Dean Wheeler, senior vice president & head of investor services operations at Cohen Financial, part of SunTrust, has likewise seen life insurance companies and GSEs more frequently include bridge and mezzanine loans, often as a way to finance upgrades to a property before originating a more traditional agency mortgage.

He also said private equity funds have become more entrepreneurial, giving borrowers more options. “Most of that didn’t exist in the last downturn. It adds stability to the market overall because of their presence today.”

Service with a smile

Increased options aren’t the only improvement for borrowers. In fact, loan servicers have been addressing the borrower experience from a more global perspective, especially in the CMBS servicing area. The CRE Finance Council’s Issuer-Servicer Joint Task Force, for instance, recommended 10 changes to achieve this goal, focusing on standard loan documents, the pooling and servicing agreement, and borrower input to increase clarity, expedite requests and reduce friction.

Common issues still in need of improvement, Berger noted, include length of time to handle routine requests and fees, especially when a special servicer is involved. He observed that the goal is to make the process more efficient and effective by structuring transactions so routine approval is handled by the master servicer. More significant requests, like a change in the borrower entity or property manager or execution of a major lease, would go directly to the special servicer, who could make decisions in consultation with the controlling class holder.

Wells Fargo’s commercial mortgage servicing group has been engaging with its lenders and the task force about loan document simplification, according to Charles Culbreth, executive vice president & head of asset management. “Ambiguous documents are problematic for everybody,” he said.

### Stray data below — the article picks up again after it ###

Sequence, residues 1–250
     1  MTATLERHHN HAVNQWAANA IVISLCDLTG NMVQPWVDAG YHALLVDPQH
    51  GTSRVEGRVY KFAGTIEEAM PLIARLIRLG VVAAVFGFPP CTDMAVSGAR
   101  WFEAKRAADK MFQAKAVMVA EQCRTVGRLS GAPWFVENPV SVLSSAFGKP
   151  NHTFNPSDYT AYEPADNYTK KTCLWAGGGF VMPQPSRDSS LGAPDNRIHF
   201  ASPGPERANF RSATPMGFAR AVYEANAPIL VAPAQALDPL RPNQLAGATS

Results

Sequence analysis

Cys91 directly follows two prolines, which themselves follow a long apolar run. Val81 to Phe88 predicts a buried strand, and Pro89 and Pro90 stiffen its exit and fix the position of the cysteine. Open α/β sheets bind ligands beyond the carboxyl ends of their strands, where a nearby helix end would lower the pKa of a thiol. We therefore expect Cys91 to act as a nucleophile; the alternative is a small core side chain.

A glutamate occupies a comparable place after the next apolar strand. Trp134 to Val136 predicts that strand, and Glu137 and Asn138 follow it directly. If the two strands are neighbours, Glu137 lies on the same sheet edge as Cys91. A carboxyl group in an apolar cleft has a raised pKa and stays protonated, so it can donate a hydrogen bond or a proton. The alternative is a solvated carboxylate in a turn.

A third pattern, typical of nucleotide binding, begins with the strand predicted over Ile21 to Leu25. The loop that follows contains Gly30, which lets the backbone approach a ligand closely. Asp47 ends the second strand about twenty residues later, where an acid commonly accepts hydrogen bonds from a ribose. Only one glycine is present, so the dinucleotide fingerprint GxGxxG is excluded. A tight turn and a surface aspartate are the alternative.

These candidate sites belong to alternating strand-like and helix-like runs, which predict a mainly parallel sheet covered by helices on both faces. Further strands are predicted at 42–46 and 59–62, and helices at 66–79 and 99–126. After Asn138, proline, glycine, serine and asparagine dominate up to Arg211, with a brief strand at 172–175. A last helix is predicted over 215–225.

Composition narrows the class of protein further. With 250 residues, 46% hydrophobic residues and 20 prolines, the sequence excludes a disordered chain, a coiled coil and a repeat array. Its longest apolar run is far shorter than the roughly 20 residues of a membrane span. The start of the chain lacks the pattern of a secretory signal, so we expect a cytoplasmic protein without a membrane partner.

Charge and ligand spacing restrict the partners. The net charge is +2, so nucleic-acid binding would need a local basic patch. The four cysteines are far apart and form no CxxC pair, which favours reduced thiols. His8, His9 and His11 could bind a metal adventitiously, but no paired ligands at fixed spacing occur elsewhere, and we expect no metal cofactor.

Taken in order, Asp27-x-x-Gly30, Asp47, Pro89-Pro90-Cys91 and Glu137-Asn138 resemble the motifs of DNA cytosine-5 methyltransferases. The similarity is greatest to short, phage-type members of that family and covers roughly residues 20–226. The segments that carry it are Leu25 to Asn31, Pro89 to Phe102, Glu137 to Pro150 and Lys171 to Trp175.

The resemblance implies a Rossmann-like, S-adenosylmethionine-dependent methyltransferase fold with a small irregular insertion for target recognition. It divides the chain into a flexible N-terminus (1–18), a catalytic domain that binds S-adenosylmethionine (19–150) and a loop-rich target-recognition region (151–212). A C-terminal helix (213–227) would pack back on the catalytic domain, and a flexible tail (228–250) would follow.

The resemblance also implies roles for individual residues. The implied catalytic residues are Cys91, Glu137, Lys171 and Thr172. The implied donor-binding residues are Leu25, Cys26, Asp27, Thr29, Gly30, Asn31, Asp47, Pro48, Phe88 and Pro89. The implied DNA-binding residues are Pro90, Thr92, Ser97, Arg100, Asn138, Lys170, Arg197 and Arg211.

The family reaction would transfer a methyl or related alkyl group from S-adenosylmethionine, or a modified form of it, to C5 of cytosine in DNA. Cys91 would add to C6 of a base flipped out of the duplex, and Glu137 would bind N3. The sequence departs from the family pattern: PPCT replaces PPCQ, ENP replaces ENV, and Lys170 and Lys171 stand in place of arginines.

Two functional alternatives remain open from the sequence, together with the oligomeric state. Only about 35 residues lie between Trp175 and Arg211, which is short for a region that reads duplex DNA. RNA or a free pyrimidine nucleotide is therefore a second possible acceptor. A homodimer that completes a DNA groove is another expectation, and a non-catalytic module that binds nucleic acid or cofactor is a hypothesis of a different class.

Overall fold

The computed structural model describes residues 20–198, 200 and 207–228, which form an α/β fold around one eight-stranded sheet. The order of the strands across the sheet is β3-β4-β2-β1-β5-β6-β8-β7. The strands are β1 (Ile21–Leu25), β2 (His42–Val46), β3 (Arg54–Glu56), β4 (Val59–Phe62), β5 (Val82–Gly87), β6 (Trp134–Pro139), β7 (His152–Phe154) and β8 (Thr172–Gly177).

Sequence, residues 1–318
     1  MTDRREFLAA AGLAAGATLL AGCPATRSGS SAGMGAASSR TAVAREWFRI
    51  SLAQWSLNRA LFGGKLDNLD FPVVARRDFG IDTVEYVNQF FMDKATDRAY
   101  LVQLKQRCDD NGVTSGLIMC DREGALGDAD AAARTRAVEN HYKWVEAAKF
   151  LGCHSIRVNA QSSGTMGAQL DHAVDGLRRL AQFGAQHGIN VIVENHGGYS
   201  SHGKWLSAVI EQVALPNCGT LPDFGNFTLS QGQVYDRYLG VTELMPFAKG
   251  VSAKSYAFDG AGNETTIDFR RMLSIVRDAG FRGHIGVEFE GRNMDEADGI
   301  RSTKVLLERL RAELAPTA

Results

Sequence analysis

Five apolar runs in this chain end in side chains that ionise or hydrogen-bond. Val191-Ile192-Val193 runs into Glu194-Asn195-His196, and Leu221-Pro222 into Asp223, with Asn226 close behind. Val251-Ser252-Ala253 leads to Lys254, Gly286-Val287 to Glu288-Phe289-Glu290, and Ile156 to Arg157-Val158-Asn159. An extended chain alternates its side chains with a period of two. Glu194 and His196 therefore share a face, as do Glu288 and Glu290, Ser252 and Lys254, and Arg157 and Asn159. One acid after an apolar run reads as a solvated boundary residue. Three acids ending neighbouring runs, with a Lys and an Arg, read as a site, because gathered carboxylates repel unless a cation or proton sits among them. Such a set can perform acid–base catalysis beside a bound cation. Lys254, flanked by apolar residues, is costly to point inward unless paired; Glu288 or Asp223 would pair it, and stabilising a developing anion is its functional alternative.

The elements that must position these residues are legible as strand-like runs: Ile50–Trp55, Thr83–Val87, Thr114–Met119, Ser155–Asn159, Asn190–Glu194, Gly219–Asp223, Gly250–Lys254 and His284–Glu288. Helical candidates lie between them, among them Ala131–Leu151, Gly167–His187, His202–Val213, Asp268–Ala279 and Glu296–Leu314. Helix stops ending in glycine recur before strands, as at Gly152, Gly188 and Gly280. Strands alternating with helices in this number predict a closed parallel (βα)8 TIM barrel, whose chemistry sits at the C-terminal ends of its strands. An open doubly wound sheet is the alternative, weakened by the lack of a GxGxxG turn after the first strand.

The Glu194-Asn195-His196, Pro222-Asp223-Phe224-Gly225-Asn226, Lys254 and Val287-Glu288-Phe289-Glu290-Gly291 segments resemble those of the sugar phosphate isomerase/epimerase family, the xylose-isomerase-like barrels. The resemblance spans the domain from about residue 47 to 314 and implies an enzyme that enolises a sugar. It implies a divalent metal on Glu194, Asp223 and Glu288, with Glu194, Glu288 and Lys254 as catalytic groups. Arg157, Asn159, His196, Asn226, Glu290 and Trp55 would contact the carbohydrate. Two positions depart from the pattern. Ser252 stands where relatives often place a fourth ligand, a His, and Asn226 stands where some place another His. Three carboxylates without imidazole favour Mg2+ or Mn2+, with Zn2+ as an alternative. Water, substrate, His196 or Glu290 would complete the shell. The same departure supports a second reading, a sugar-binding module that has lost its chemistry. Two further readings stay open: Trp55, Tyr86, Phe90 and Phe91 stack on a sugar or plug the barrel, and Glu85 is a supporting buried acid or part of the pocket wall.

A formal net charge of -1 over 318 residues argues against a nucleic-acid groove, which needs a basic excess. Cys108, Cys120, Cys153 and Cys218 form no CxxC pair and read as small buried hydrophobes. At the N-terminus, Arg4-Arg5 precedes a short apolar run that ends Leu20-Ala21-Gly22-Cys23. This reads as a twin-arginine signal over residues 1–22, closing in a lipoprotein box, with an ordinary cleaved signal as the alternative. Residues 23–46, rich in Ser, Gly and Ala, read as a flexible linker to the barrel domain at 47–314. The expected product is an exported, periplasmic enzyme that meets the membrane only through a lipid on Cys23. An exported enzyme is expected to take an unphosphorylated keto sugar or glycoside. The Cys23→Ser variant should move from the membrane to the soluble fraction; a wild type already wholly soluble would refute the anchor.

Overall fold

Wells Fargo routinely tops MBA’s rankings of commercial and multifamily mortgage service providers, and Alan Kronovet, executive vice president & head of its CMS group, said the team services loans totaling some $525 billion to $535 billion.

Kronovet said the group works with its lending partners to review loan documents and provide feedback about provisions and terms that might cause challenges during servicing, including documents required to review, approve and release funds from a reserve or escrow account; the approval process for borrower requests, such as lease approvals; and reducing, capping or eliminating processing fees.

O’Connor said KeyBank also faces fee compression issues, as well as clients seeking quicker turnarounds for all requests. “That challenges resources and staffing. Obviously, the compressed fees affect profitability.”

He said one of the most important recommendations is to standardize language, “to make it a lot clearer to the servicer as to what actions we can and can’t take.”

Servicing firms are also working on internal improvements, including upgrading online portals for 24/7 access by borrowers, boosting the number of customer service representatives, increasing training, assigning dedicated staff to clients, and requiring that calls and emails be answered quickly.

“It’s a very competitive world out there, and the CMBS lenders are working very hard to compete in a market that is not only driven by pricing but also better customer service,” Shamaly observed.

You’ll find more on this topic in the April 2018 issue of CPE.